The Bayso and the Haro officially are considered as one ethnic group and appear under the single ethnonym “Gidiccho” in the Ethiopian national census. This is despite the fact that the two groups are culturally and linguistically completely different, have different origins, histories and identities. The Bayso are Cushitic speaking agro-pastoralists, and the Haro, Omotic speaking former hippo hunters. While due to their small number both groups can be classified as minorities, the contact between them contact can until today be characterized as asymmetric, with the Bayso playing the dominant part in many aspects. Nevertheless, influence on each other’s languages and cultures was to some extent mutual and the social boundaries between the two groups have blurred in the last decades.
A cultural and linguistic documentation is strongly needed for both groups, as due to several factors they can be considered as endangered:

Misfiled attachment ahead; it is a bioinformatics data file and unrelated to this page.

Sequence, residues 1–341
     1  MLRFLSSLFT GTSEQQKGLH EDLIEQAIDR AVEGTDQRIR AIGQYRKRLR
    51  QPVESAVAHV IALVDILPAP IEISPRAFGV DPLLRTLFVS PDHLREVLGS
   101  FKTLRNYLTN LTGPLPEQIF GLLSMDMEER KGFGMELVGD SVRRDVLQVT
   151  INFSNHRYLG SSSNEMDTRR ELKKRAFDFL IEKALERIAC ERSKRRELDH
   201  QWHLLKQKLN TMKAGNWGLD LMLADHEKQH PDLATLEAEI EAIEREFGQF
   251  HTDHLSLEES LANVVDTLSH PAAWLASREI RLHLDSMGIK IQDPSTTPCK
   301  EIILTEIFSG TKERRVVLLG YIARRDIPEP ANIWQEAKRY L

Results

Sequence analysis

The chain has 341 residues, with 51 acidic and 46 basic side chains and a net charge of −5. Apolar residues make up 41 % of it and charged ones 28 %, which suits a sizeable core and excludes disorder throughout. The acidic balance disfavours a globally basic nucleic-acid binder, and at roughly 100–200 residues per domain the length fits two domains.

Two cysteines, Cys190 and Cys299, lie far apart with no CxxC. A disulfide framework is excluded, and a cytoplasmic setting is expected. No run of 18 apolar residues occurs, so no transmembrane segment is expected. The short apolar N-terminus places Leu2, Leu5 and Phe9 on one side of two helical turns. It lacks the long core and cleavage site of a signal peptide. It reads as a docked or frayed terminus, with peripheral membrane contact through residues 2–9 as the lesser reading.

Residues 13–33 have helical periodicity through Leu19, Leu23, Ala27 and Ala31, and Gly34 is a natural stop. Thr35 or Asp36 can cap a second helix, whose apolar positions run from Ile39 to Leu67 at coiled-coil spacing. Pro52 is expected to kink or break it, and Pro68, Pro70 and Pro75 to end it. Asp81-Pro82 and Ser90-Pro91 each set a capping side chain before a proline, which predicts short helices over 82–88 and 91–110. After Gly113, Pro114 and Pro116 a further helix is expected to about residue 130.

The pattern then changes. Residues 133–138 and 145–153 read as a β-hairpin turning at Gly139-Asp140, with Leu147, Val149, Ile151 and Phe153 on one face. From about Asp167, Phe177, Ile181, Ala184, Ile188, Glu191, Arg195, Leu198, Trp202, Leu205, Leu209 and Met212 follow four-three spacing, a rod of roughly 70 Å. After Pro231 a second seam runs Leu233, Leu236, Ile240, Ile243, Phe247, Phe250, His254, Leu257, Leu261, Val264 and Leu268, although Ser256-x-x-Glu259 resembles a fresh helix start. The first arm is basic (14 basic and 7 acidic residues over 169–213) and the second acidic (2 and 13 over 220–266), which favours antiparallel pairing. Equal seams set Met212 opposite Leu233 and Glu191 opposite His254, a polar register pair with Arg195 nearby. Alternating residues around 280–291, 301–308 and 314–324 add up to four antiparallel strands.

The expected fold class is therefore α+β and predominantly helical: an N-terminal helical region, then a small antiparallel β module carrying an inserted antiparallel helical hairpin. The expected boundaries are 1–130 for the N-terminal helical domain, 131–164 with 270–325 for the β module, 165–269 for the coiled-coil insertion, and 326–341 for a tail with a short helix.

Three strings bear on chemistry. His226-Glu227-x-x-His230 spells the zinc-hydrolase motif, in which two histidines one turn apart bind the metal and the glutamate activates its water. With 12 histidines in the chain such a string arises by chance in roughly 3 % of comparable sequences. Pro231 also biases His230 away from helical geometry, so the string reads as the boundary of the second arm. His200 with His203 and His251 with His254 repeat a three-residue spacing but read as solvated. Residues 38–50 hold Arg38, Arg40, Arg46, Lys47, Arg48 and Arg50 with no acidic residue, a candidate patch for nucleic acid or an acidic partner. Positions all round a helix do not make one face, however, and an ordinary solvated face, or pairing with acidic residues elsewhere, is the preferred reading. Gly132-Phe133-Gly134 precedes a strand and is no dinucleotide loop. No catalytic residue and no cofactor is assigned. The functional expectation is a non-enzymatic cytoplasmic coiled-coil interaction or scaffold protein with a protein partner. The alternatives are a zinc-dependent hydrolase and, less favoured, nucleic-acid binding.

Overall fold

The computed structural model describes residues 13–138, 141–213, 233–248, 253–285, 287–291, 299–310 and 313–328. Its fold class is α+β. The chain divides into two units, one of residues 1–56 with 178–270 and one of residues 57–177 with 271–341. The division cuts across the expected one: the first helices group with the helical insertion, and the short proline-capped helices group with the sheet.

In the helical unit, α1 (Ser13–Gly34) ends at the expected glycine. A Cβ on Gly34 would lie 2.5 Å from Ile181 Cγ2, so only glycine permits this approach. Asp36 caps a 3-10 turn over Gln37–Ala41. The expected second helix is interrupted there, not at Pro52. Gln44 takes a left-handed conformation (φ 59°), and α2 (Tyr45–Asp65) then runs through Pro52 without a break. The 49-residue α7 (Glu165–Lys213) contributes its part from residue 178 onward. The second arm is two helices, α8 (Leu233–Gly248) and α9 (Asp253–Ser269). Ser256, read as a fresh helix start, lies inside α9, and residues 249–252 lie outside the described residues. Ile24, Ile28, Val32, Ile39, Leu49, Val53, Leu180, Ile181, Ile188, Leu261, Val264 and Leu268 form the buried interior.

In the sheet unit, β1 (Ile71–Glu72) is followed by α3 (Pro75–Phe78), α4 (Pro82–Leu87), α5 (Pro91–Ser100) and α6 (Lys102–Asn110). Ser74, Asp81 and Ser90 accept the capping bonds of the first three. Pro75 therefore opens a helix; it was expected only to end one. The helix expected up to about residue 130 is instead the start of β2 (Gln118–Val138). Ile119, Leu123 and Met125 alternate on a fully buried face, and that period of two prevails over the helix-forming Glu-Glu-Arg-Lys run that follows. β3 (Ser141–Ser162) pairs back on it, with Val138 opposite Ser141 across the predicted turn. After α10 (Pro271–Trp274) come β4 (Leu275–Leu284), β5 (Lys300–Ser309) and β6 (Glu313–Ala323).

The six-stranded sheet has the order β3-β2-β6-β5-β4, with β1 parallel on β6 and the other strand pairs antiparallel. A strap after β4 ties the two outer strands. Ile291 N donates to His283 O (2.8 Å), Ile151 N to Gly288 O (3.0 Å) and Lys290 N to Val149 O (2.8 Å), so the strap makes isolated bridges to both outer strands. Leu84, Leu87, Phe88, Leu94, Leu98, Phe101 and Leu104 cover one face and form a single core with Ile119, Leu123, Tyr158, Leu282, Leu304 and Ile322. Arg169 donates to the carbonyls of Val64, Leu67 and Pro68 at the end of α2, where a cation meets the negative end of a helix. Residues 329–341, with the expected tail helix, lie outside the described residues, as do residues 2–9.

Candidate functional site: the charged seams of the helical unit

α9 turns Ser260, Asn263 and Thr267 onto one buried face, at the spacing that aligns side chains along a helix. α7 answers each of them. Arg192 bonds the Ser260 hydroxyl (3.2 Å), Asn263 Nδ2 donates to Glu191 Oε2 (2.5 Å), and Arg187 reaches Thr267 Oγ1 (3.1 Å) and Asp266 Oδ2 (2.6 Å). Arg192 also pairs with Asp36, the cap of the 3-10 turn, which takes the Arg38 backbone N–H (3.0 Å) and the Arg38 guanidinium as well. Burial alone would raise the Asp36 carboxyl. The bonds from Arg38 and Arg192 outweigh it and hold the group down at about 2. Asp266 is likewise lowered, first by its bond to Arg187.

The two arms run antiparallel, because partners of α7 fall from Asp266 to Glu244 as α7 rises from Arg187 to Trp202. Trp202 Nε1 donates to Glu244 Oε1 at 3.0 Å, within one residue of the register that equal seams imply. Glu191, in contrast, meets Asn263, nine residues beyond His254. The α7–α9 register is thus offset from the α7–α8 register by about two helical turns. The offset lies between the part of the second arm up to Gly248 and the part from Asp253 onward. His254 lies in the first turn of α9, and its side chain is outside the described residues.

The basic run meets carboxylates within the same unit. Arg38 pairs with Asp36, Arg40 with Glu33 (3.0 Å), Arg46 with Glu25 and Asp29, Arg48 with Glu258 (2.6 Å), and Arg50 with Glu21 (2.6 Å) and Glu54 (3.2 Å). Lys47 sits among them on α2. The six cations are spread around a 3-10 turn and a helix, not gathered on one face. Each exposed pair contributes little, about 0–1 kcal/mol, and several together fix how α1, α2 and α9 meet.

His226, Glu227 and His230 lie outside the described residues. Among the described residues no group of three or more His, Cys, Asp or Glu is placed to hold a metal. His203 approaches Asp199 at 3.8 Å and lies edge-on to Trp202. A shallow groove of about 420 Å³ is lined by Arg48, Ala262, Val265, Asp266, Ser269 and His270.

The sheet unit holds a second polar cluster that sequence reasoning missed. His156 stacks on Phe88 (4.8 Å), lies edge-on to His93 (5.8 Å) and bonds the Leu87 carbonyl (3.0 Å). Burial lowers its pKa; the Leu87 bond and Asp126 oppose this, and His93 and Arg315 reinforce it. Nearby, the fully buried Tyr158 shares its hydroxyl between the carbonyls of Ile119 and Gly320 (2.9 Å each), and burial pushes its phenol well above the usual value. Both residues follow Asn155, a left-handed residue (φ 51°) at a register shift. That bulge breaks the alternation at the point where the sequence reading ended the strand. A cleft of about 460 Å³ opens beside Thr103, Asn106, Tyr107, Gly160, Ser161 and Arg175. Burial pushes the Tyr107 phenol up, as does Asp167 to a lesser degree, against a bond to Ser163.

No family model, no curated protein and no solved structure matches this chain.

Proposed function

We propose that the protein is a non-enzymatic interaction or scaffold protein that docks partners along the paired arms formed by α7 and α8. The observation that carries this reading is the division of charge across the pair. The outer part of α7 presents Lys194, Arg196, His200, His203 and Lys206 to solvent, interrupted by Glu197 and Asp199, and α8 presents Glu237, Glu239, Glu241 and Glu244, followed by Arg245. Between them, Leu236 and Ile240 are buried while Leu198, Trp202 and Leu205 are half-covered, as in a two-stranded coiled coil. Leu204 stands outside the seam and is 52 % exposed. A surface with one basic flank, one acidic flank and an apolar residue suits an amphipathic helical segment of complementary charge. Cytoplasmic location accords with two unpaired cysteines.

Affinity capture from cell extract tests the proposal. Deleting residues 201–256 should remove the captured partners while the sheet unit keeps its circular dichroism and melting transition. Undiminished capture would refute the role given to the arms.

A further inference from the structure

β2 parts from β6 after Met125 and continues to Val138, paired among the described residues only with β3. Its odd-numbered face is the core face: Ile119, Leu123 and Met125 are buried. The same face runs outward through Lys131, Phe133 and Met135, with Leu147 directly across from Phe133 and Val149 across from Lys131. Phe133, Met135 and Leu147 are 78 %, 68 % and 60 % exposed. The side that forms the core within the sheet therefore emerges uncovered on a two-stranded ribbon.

- The out-migration from Gidiccho Island to the shore settlements (starting more than 100 years ago) has led to the abandonment of the traditional habitat with its ritual sites.
- Proximity to the town has led to a change in material culture, identification of the youth with ‘modernity’, change in values and social relations
- the conversion to Christian religion (2-3 decades ago) has led to abandonment of traditional belief, rituals, and a change in gender relations
- formal education led to an abandonment of traditional knowledge, which is not transferred to younger generations
- the introduction of Bayso as the official language in primary school in 2015 leads to a devaluation of Haro language
A group of Bayso and Haro women at a Meskel celebration
‘Gidiccho’ performance at a cultural festival
Fisher men on Gidiccho Island
On the shore of Gidiccho Island
Small-scale agriculture is becoming a central income strategy in the mainland settlements
The Ethiopian-Orthodox church construction site in Alge
Members of the Bayso and Haro fishers’ association landing at the shore of Alge